"I know many people, for instance, of the Jewish faith and heritage, who don't necessarily believe that the Holocaust was bad," Ray said. "Now, that might, that might be shocking to you, but I've had -- I have people on record who have said, 'Hey, there was a lot of good things that came out of that, a lot of lessons, a lot of opportunities for the world.'
"I'm suggesting to you that there's every bit as much good in 9/11 as there was bad."
Ray has attracted critics.
"It sounds wonderful when you say, 'You can achieve anything you want in life,'" said Salerno. "It doesn't sound so wonderful when you say, 'If you don't achieve something in life it's because the universe is mad at you.'"
Once charged in February by Arizona authorities, with three counts of manslaughter in the sweat lodge deaths, Ray spent weeks in jail until he was able to get his bail reduced.
Investigators said they found a suitcase full of prescription drugs, including steroids, in Ray's hotel room after the sweat lodge. Ray has said that he needed the steroids for a medical condition.
And while he stopped making public appearances soon after the Sedona retreat, Ray has continued to preach to his followers through regular blogging, videos on his website, DVDs and other products sold through the site. He also peddles a $97 monthly subscription to an Internet radio broadcast.
Still, Ray spends most of his time behind the gates of his Beverly Hills home, now for sale for a negotiable $3.99 million.
Melinda Martin and several other former Ray employees say they left his company in disgust over the handling of the Sedona tragedy.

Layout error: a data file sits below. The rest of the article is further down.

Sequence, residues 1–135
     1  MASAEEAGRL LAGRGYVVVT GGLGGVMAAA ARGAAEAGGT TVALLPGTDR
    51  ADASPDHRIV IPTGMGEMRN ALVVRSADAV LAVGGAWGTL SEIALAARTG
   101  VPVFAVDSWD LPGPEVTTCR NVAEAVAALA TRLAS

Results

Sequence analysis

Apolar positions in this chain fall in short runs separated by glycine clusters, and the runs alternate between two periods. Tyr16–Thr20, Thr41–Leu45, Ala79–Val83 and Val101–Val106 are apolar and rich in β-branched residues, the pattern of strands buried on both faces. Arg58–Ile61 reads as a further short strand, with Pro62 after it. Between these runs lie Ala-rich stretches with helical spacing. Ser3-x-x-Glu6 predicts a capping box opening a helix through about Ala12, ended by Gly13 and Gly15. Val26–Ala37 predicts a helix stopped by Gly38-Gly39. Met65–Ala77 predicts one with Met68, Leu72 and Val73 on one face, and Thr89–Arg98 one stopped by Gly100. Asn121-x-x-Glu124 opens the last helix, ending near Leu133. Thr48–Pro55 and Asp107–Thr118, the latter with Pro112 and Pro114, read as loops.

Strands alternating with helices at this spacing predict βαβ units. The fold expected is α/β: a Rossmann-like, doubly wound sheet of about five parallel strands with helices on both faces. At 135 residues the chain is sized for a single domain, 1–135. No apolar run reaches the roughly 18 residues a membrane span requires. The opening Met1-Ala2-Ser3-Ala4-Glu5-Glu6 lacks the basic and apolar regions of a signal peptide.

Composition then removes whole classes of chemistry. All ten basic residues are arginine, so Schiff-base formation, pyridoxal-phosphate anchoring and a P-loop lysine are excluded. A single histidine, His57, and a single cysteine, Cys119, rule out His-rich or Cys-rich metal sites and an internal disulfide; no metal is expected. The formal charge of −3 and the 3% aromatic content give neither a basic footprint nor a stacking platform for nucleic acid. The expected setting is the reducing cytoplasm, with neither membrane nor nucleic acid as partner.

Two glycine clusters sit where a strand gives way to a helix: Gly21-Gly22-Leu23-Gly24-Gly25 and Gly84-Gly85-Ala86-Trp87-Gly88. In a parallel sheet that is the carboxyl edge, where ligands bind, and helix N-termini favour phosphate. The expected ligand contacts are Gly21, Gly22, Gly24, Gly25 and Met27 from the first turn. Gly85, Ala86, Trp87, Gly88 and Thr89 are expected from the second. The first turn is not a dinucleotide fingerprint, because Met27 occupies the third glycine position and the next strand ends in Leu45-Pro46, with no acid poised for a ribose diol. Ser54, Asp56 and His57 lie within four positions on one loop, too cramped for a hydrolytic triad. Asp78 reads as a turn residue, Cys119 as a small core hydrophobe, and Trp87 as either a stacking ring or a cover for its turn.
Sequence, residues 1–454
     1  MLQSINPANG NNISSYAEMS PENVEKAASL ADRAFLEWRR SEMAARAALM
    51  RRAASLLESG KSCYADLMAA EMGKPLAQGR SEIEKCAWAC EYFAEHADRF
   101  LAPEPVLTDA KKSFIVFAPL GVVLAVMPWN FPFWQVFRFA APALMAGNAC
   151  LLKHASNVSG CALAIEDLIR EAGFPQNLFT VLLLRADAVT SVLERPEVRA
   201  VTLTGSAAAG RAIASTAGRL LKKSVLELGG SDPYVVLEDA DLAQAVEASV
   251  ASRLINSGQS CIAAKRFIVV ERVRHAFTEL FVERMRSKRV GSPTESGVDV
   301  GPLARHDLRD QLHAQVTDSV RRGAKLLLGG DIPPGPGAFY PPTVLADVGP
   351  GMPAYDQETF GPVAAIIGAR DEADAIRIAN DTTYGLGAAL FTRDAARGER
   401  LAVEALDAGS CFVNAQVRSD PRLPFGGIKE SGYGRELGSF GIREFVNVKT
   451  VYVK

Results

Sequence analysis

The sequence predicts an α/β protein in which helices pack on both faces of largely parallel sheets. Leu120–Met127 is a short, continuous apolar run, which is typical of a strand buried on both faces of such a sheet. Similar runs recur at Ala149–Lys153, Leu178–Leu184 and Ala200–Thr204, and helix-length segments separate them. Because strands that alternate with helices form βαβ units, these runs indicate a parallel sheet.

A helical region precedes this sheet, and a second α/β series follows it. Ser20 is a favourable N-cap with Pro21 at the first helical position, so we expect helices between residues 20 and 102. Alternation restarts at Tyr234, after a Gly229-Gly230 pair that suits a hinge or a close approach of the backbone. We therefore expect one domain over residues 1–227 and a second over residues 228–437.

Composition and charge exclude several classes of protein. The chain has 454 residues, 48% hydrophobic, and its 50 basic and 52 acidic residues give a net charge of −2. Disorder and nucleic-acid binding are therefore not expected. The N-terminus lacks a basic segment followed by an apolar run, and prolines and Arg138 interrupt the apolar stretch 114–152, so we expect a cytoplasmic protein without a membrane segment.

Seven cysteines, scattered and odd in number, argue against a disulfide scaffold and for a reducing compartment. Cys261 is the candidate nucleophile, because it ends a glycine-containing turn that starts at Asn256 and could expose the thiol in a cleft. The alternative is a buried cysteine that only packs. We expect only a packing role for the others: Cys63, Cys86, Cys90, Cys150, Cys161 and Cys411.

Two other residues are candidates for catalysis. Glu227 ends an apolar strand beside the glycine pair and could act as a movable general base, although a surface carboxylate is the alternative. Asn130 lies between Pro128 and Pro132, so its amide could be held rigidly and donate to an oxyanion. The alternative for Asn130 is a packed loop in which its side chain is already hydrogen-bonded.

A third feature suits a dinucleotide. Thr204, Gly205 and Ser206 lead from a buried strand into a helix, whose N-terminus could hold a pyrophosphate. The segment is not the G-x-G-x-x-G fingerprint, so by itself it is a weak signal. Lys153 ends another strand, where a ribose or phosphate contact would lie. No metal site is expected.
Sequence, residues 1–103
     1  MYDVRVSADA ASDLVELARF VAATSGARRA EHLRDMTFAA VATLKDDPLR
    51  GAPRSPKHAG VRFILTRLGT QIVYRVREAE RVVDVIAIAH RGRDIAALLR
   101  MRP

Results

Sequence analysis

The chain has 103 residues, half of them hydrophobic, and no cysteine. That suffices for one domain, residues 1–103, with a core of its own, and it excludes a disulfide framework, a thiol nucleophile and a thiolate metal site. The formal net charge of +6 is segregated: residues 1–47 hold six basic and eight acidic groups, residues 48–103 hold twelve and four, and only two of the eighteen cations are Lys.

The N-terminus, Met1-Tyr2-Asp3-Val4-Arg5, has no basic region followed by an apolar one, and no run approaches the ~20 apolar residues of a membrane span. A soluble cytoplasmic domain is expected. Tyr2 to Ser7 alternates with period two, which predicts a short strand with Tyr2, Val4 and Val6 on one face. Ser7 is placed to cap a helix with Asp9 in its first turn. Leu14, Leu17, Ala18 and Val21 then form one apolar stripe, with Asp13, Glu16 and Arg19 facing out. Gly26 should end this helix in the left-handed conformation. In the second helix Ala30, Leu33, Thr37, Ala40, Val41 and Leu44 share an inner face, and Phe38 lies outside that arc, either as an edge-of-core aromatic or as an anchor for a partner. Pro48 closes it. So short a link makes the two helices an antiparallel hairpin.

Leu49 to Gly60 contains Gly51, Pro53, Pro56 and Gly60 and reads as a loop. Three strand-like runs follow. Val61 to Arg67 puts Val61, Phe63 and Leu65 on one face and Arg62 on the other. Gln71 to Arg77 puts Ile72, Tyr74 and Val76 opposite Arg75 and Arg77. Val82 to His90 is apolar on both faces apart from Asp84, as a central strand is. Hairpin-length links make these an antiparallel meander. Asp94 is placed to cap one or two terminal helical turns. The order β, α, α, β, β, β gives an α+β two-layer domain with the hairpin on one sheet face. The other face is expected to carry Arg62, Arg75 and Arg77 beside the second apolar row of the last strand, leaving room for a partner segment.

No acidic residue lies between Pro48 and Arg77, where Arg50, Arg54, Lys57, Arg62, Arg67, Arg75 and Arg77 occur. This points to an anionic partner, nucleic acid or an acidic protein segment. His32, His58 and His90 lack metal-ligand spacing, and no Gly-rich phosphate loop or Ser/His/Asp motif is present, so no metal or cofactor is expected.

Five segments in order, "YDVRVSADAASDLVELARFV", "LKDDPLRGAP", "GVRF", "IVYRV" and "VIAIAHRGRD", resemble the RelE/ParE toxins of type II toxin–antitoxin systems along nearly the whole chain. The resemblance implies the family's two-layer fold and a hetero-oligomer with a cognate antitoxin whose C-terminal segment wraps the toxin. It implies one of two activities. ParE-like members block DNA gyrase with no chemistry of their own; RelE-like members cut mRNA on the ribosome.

"I feel like he didn't live his integrity because... he's so busy... trying to keep the magic and trying to keep the spell going that I think that he's lost the sense, the common sense of humanity and compassion," Martin said.
Others are similarly disillusioned. Brandy Amstel, hospitalized after the sweat lodge, filed a civil lawsuit against Ray, which was recently settled on confidential terms.
"I won't do another James Ray program,'' she said. But she's not ruling out following another guru.
And there are "tons" to pick from, she said. "Other leaders that follow a code of ethics, that actually care about people."
Shanna Bowens, who was at the Sedona retreat, still believes in the Law of Attraction, but she's disavowed all self-proclaimed thought leaders: especially Ray. "I can't trust him and I'm not looking to him anymore for my personal journey," she said.
Despite all the controversy surrounding their self-help guru, many of Ray's followers are still listening.
Essad, who saw participants break their hands in a brick-bashing exercise at a Ray event in 2008, and who was also at the sweat lodge event, said he would go to another Ray event.
When asked why, he said, "Because of what I'm getting out of it. What I'm learning from it."
Bivins, too, still believes in Ray. "It's horrible what happened in the sweat lodge that three people died, but my life is better and I am so grateful for that and I'd do it again in a heartbeat..."
Salerno is skeptical.
"You have a lot of people in this culture who are searching for something, they are in the belief that if this doesn't do it the next thing will,'' he said. "There's this notion that if you believe enough if you stay with the program you will someday absolutely get to the Promised Land."